It is not clear how the ridge formed. One difficulty is to explain why it follows the equator almost perfectly. There are at least three current hypotheses, but none of them explains why the ridge is confined to Cassini Regio.
# A team of scientists associated with the "Cassini" mission have argued that the ridge could be a remnant of the oblate shape of the young Iapetus, when it was rotating more rapidly than it does today.cite journal
first=Richard A.
title=How Saturn's Icy Moons Get a (Geologic) Life
] The height of the ridge suggests a maximum rotational period of 17 hours. If Iapetus cooled fast enough to preserve the ridge but remain plastic long enough for the tides raised by Saturn to have slowed the rotation to its current tidally locked 79 days, Iapetus must have been heated by the radioactive decay of aluminium-26. This isotope appears to have been abundant in the solar nebula from which Saturn formed, but has since all decayed. The quantities of aluminium-26 needed to heat Iapetus to the required temperature give a tentative date to its formation relative to the rest of the Solar System: Iapetus must have come together earlier than expected, only two million years after the asteroids started to form.
# The ridge could be icy material that welled up from beneath the surface and then solidified. If it had formed away from the then equator, this hypothesis requires that the rotational axis would have been driven to its current position by the ridge.Fact|date=September 2007
# It has also been suggested that Iapetus could have had a ring system during its formation due to its large Hill sphere, and that the equatorial ridge was then produced by collisional accretion of this ring.W.-H Ip 2006. "On a ring origin of the equatorial ridge of Iapetus". Geophysical Research Letters, Volume 33, L16203, doi:10.1029/2005GL025386] However, the ridge appears too solid to be the result of a collapsed ring. Also, recent images show tectonic faults running through the ridge, apparently inconsistent with the collapsed ring hypothesis.


Temperatures on the dark region's surface reach 130 K (−143.2 °C or −226 °F) at the equator, as heating is made more effective by Iapetus's slow rotation. The brighter surfaces absorb less sunlight so temperatures there only reach about 100 K (−173.2 °C or −280 °F). [ [http://saturn.jpl.nasa.gov/multimedia/images/image-details.cfm?imageID=1281 Cassini-Huygens: Multimedia-Images ] ]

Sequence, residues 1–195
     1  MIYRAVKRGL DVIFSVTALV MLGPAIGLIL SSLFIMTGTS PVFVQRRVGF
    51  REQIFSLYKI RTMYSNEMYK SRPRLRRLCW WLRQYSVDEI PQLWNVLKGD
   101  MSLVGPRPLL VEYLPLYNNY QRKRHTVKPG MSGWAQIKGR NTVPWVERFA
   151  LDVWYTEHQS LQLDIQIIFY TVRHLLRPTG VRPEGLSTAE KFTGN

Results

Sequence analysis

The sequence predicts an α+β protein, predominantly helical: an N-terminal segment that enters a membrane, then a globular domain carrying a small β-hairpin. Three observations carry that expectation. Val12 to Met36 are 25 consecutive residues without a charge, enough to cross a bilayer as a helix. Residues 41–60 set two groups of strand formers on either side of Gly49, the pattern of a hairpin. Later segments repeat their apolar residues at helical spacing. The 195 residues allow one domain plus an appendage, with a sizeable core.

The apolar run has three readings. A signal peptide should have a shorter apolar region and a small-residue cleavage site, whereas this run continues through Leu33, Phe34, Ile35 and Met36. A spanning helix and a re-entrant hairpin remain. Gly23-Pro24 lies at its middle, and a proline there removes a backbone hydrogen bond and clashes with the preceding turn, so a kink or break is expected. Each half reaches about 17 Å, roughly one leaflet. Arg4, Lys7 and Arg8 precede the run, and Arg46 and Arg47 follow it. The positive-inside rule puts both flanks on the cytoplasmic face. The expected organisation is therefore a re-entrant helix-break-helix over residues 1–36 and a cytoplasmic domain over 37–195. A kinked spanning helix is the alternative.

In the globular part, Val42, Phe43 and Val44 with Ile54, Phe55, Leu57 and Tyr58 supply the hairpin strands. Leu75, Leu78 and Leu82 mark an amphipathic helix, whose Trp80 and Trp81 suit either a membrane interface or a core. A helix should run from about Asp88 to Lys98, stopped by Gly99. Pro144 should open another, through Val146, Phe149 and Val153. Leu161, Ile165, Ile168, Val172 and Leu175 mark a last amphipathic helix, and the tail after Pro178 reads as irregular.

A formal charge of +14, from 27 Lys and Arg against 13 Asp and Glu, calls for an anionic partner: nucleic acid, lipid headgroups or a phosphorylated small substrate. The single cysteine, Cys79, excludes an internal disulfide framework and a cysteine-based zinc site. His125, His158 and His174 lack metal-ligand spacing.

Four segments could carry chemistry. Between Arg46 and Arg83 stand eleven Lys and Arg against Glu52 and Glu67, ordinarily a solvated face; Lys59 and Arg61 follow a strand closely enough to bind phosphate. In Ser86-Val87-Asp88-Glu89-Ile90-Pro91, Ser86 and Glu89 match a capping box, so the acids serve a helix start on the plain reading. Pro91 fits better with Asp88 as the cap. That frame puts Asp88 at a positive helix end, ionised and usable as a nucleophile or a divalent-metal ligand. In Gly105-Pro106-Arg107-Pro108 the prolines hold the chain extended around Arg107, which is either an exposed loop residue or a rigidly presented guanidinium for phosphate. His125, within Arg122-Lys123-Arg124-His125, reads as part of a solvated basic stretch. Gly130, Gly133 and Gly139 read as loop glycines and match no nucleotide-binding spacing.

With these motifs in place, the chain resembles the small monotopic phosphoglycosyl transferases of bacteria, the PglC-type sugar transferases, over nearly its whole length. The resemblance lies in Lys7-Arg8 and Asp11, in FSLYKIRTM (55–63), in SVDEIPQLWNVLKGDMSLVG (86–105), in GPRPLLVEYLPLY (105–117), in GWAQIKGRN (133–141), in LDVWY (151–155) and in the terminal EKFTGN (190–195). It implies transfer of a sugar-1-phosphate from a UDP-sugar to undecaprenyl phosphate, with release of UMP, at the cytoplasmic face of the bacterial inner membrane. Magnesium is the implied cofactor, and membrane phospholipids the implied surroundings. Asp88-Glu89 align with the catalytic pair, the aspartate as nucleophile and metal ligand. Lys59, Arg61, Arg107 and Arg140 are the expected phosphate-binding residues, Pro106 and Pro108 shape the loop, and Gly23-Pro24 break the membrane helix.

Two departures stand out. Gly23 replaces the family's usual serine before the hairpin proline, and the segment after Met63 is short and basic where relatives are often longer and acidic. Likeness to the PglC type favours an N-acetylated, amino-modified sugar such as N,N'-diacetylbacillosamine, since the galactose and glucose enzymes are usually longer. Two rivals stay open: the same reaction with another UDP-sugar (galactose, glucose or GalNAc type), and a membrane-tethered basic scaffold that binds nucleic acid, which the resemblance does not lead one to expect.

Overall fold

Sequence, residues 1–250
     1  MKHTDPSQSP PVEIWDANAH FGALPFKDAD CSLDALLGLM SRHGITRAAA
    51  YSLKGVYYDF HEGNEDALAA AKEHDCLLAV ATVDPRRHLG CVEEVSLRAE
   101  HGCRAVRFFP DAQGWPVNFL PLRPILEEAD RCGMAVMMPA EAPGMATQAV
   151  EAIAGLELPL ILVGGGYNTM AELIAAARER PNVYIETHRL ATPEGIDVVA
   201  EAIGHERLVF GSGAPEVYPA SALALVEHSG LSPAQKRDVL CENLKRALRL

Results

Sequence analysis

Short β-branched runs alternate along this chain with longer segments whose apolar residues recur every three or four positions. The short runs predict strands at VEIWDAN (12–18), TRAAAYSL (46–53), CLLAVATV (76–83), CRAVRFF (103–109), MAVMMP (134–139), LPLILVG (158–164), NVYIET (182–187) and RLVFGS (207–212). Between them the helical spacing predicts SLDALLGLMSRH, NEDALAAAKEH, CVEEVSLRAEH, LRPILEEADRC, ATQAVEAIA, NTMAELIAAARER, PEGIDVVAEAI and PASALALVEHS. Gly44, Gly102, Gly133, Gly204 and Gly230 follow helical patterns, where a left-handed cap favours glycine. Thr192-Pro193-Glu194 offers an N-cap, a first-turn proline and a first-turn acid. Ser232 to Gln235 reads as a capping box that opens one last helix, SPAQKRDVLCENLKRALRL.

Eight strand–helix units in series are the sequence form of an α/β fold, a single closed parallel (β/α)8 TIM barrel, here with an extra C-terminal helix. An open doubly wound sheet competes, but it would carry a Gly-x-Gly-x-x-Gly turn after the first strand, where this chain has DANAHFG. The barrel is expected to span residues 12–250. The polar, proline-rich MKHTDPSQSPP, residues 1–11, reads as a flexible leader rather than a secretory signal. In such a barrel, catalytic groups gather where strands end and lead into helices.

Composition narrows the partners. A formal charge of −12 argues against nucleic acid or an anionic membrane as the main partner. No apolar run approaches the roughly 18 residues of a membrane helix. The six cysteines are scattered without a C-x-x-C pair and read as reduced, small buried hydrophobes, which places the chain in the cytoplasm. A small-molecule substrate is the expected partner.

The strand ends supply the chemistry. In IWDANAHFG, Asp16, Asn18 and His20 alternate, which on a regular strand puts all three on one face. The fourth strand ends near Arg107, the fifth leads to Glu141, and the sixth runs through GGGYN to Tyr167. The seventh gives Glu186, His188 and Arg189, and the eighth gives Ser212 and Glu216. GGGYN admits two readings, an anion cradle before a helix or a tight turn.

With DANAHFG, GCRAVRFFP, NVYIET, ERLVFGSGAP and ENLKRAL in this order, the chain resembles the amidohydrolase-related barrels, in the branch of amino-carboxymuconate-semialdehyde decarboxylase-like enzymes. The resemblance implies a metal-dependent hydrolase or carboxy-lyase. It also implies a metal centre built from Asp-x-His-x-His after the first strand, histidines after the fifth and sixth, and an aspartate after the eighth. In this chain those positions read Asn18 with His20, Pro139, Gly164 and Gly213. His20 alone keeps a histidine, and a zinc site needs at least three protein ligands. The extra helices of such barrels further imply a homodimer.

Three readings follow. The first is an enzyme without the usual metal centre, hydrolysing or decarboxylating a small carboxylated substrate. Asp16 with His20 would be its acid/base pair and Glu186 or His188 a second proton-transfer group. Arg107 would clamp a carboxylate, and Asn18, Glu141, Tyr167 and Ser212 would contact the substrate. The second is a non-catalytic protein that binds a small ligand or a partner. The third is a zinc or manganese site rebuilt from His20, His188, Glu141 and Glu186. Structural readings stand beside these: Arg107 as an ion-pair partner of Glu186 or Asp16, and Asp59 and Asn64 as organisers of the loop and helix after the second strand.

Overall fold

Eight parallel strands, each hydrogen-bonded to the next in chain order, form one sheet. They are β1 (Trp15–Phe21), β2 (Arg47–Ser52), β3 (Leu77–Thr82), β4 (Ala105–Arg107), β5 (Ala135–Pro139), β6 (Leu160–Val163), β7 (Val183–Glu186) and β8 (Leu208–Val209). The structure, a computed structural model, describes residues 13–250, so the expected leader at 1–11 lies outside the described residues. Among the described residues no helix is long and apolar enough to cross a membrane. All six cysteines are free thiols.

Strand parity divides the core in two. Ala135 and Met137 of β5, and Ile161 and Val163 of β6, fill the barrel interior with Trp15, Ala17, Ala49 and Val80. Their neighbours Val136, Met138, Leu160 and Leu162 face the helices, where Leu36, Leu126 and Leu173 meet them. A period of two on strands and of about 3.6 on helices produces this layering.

The orbit of Iapetus is somewhat unusual. Although it is Saturn's third-largest moon, it orbits much farther from Saturn than the next closest major moon, Titan. It has also the most inclined orbital plane of the regular satellites; only the irregular outer satellites like Phoebe have more inclined orbits. The cause of this is unknown.

Because of this distant, inclined orbit, Iapetus is the only large moon from which the rings of Saturn would be clearly visible; from the other inner moons, the rings would be edge-on and difficult to see. From Iapetus, Saturn would appear to be 1°56' in diameter (four times that of the Moon viewed from Earth). [Angular diameter calculated using Celestia software.]


Iapetus has been imaged multiple times from moderate distances by the Cassini orbiter. However, its orbit makes close observation difficult. There has been one close targeted fly-by, at 1227 km on September 10 2007; there are no plans for any others.

Iapetus in fiction

:"See: Iapetus in fiction"


ee also

*List of geological features on Iapetus


External links

* [http://saturn.jpl.nasa.gov/science/moons/moonDetails.cfm?pageID=7 Cassini mission page - Iapetus]
* [http://saturn.jpl.nasa.gov/multimedia/products/pdfs/CHARM_20071030_Iapetus.pdf Discussion of Iapetus dated October 2007]
* [http://solarsystem.nasa.gov/planets/profile.cfm?Object=Sat_Iapetus Iapetus Profile] by [http://solarsystem.nasa.gov NASA's Solar System Exploration]
* [http://www.planetary.org/explore/topics/saturn/iapetus.html The Planetary Society: Iapetus]
* [http://antwrp.gsfc.nasa.gov/apod/ap050201.html "Astronomy Picture of the Day" article on Iapetus]
* [http://th-www.if.uj.edu.pl/acta/vol33/abs/v33p1325.htm Mirror Objects in the Solar System?] - refereed article discussing the speculative mirror matter, and Iapetus in this context
* [http://www.enterprisemission.com/moon1.htm A Moon with a View] - Richard C. Hoagland's highly creative discussion of Iapetus's oddities
* [http://www.newscientistspace.com/article.ns?id=dn9884&feedId=online-news_rss20 New attempts to crack Saturn's 'walnut' moon] - equatorial ridge formation theories